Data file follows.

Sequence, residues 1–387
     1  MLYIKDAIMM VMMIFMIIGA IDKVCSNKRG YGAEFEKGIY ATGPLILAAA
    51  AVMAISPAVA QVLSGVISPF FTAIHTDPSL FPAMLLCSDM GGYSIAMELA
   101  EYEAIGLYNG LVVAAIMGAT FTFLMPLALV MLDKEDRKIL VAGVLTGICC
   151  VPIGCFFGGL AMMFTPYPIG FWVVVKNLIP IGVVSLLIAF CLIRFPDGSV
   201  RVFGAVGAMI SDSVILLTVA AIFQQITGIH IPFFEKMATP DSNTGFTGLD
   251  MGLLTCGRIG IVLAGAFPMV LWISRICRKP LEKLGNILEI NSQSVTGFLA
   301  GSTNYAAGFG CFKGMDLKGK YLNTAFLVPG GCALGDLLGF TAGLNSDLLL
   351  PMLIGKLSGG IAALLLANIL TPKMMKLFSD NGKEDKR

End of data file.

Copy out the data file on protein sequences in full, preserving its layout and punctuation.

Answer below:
Sequence, residues 1–387
     1  MLYIKDAIMM VMMIFMIIGA IDKVCSNKRG YGAEFEKGIY ATGPLILAAA
    51  AVMAISPAVA QVLSGVISPF FTAIHTDPSL FPAMLLCSDM GGYSIAMELA
   101  EYEAIGLYNG LVVAAIMGAT FTFLMPLALV MLDKEDRKIL VAGVLTGICC
   151  VPIGCFFGGL AMMFTPYPIG FWVVVKNLIP IGVVSLLIAF CLIRFPDGSV
   201  RVFGAVGAMI SDSVILLTVA AIFQQITGIH IPFFEKMATP DSNTGFTGLD
   251  MGLLTCGRIG IVLAGAFPMV LWISRICRKP LEKLGNILEI NSQSVTGFLA
   301  GSTNYAAGFG CFKGMDLKGK YLNTAFLVPG GCALGDLLGF TAGLNSDLLL
   351  PMLIGKLSGG IAALLLANIL TPKMMKLFSD NGKEDKR